That at almost 75 years of age, and close to 50 years after the release of his debut album, Willie Nelson still manages to release music is impressive. The fact that he can release an album as fresh and timeless sounding as Moment Of Forever in 2008 is astounding. Willie's career has taken on many phases, sounds and shapes. He's been a legend so long now it's hard to think of him as much else. Before he reached those heights though he had many other stops along the way. Outlaw is one of the titles he seemed to wear most proudly. It's fitting then that he had Kenny Chesney produce this album. Chesney is one of the most successful acts in country today, yet at least by perception and reputation he seems to stand outside the Nashville mainstream and go his own way.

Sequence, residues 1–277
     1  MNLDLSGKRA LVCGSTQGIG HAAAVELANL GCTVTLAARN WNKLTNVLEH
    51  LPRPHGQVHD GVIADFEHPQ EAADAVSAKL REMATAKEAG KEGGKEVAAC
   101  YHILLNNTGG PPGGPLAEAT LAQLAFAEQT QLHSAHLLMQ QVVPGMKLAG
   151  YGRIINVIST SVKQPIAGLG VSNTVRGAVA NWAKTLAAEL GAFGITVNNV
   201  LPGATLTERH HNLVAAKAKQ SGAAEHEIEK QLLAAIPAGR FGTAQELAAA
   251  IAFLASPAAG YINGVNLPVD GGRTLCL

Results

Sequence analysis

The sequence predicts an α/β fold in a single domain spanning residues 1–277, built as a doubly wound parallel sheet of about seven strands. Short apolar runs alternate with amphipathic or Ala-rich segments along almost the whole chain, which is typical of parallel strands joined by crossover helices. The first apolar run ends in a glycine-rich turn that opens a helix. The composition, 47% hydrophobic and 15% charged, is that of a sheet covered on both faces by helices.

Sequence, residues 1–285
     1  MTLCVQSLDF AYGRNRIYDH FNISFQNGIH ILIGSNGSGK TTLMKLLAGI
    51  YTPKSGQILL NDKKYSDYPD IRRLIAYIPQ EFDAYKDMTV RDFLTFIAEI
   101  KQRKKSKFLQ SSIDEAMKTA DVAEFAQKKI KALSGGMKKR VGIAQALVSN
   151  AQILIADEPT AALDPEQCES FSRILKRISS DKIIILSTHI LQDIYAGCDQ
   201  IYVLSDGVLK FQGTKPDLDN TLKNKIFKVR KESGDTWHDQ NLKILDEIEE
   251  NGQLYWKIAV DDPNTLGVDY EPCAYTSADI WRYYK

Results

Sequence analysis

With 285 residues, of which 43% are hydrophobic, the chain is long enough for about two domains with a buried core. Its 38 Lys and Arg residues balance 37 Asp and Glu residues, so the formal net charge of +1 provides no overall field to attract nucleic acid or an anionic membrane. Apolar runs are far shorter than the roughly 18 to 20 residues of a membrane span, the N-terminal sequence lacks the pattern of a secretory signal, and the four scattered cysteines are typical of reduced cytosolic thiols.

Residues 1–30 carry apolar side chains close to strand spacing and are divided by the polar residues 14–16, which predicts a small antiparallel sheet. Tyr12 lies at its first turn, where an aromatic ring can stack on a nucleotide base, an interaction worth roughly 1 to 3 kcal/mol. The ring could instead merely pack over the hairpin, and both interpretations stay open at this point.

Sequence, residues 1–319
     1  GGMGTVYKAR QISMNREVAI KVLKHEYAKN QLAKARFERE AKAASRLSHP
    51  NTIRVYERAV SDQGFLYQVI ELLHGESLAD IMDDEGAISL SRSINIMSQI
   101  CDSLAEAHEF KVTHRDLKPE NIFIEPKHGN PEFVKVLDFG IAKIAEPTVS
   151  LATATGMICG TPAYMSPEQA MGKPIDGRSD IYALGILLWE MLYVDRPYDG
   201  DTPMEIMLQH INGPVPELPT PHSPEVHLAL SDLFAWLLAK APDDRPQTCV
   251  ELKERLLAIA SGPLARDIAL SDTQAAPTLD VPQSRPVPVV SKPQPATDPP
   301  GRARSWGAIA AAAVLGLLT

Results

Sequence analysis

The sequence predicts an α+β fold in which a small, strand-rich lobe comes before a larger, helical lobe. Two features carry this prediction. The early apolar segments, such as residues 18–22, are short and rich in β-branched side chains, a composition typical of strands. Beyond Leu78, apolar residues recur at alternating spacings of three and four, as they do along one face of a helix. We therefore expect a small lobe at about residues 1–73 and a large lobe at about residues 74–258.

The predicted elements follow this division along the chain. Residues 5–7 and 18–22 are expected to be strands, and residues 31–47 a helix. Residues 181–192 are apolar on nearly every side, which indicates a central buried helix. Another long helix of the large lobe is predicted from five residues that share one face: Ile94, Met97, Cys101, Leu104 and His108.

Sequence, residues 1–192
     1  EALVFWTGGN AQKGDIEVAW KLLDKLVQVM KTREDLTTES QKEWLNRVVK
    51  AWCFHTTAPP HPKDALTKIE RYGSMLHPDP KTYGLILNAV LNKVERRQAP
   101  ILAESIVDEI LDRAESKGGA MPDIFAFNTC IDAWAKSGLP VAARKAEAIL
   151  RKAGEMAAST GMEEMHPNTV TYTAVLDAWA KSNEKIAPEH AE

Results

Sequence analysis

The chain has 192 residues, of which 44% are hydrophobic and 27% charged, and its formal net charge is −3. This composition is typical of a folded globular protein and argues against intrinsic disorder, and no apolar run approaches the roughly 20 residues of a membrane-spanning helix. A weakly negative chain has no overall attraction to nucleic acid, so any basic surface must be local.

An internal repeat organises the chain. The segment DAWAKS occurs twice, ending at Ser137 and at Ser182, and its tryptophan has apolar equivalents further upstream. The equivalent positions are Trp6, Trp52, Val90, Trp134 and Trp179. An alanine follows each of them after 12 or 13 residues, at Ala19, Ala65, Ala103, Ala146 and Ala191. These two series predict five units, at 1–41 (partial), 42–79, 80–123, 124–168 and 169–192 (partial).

Moment Of Forever does a fine job of combining Willie Nelson originals with well chosen covers. Dave Matthews' "Gravedigger" retains enough of the original versions funky vibe while simultaneously being unmistakably Willie. "Takin' On Water" has some organ parts that bring to mind mid 70's Stevie Wonder in their soulfulness. "You Don't Think I'm Funny Anymore" with it's old juke joint stomping feel to it is the best of the Nelson originals on the album. The closer though, a cover of Dylan's "Gotta Serve Somebody," delivered with stirring conviction is the definitive highlight of the album.
Chesney's production is clean and streamlined. He doesn't bog the album done with any unnecessary layers. He acts as a conduit to bring Willie and the songs directly through the speakers to the listener.
Detractors might point out that "Moment of Forever" isn't quite "Shotgun Willie" or "Phases and Stages." And while that is true, "Moment of Forever" goes beyond what one can rightly expect from someone 50 years into a recording career.